The Scandal of Particularity: A Historical Survey of the Christian Theology of Religion

Sherrington, John Brian (1990). The Scandal of Particularity: A Historical Survey of the Christian Theology of Religion. MPhil thesis The Open University.

DOI: https://doi.org/10.21954/ou.ro.0000fc6d

Abstract

The purpose of this study is to trace the history of Christian thinking about other faiths.

It begins with the Old Testament, in which the dominant theological motif is found to be that of Covenant, which puts Israel in a particular relationship with God, and leaves others outside. This attitude is carried over into the New Testament and on into the early Christian tradition. The exceptions to this are Justin Martyr and the Apologists, who emphasized that the divine light shines for all and in all.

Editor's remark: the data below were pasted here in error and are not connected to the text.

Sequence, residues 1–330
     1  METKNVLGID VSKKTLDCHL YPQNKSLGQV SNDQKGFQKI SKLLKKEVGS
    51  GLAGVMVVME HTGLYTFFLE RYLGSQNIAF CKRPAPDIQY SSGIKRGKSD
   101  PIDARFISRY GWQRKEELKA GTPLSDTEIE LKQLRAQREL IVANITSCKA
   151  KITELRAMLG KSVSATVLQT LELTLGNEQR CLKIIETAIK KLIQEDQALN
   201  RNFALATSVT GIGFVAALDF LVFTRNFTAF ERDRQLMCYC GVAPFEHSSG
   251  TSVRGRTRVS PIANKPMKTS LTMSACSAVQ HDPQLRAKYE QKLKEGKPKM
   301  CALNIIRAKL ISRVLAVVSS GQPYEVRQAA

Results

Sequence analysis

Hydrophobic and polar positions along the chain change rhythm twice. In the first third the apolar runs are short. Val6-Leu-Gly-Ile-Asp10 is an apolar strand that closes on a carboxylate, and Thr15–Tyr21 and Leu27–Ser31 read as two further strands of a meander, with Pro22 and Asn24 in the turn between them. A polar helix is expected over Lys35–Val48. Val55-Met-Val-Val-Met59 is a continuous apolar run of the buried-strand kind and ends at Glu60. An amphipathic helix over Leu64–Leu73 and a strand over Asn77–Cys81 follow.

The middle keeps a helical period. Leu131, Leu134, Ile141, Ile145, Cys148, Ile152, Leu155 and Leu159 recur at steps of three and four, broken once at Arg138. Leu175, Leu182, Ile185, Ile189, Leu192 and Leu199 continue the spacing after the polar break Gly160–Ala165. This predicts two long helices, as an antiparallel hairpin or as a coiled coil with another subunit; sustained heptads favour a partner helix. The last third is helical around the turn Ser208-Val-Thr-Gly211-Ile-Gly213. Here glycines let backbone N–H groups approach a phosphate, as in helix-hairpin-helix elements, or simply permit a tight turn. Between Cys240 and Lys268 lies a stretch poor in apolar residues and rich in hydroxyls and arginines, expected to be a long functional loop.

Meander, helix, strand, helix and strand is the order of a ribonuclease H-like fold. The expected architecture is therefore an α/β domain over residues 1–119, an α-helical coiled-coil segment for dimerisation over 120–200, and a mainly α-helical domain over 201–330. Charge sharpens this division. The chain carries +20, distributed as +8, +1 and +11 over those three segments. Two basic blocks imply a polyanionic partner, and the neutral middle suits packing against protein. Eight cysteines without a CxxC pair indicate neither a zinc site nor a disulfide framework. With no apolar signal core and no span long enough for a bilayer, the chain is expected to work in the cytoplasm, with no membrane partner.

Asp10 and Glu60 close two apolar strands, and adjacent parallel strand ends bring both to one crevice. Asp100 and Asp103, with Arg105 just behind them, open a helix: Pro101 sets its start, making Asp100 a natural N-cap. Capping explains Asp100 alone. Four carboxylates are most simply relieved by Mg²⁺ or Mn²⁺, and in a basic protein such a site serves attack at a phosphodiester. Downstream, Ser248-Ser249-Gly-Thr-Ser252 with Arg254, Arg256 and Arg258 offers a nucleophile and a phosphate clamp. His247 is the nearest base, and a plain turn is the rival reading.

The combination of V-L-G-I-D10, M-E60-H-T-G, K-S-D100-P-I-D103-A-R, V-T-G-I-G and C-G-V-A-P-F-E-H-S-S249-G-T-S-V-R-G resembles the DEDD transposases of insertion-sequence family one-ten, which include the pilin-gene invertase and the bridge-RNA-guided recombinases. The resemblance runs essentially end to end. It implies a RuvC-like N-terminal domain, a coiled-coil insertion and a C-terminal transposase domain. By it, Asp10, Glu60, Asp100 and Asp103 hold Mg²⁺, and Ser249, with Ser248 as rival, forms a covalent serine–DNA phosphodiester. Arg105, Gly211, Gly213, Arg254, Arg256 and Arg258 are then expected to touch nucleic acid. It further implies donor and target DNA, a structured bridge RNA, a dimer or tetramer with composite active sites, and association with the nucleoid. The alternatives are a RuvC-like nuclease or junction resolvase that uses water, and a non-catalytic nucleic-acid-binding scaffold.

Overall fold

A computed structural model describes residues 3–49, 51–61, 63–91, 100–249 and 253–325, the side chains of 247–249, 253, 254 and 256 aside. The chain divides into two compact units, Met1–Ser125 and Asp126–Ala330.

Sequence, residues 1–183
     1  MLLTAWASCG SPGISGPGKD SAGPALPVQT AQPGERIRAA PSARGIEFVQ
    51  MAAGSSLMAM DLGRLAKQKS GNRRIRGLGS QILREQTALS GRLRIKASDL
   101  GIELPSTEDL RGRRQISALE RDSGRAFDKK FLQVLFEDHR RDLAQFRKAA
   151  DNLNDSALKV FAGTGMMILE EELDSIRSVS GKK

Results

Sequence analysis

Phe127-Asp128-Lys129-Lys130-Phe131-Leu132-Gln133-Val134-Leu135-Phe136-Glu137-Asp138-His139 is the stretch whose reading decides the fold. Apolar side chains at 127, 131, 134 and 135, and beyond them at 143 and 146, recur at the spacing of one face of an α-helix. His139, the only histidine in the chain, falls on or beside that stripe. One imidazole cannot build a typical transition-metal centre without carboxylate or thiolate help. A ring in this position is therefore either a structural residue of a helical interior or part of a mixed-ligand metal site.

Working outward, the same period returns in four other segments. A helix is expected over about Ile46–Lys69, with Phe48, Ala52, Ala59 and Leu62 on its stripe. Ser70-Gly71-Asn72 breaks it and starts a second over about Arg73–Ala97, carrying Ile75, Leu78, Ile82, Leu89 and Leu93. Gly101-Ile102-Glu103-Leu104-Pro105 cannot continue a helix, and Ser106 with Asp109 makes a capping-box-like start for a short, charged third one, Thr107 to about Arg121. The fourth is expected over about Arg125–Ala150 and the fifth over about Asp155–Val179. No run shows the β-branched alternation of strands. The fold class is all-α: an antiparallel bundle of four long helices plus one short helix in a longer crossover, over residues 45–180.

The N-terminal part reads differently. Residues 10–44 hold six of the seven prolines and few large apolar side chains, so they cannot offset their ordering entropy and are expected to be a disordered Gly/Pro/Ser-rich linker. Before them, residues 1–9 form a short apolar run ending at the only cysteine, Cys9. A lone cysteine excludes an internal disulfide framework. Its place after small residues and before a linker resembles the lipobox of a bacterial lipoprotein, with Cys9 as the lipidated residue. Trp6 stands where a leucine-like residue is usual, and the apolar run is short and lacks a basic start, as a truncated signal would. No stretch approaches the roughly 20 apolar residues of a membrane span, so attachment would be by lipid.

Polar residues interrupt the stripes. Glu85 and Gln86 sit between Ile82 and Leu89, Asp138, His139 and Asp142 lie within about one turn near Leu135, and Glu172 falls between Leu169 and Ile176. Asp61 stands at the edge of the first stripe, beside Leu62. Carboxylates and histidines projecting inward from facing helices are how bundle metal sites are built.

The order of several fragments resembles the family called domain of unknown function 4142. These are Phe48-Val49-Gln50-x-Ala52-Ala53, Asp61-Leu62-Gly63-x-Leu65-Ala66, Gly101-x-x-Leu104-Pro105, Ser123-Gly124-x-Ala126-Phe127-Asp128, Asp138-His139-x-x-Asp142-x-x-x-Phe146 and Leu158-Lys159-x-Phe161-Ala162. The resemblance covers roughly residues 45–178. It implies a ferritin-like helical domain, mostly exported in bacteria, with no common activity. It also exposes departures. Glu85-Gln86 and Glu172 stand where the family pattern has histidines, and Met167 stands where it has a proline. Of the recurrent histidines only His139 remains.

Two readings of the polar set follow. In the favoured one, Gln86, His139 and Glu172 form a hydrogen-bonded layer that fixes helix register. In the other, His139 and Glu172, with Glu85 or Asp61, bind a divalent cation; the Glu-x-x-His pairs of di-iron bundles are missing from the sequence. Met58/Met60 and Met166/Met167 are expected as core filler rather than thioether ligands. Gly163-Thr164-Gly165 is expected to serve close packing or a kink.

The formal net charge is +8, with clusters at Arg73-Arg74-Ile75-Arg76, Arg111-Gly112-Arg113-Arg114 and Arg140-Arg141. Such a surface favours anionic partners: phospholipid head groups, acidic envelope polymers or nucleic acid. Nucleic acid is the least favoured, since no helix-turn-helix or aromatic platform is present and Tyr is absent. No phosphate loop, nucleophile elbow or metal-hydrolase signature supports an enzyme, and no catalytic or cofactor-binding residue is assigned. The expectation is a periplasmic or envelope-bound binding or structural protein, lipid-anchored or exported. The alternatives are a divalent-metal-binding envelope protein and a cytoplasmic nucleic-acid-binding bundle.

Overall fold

This positive strand in Christian theology then disappeared underground for about a thousand years. The reasons for this lie in the biblical material and in the fact that Christian theologians did not have to think much about other faiths.

In the nineteenth century all that changed because missionaries came up against the reality of other faiths and had to say something about them. It was in the nineteenth century, therefore, that the search for a positive Christian theology of religion began in earnest.

In our time the need to find a solution to this theological problem has become even more urgent as men and women of all faiths meet each other and face many of the same problems in coming to terms with the process of secularisation.

In the last twenty five years, therefore, positive theologies of religion have come from the Roman Catholic tradition, from the Liberal Protestant wing of the Church, and from the World Council of Churches.

Despite that, three things are still needed for a satisfactory theology of other faiths. They are, a recovery of the Philosophy of Religion, a revised Doctrine of Revelation and a re-examination of the concept of 'religion' in Christian thinking.

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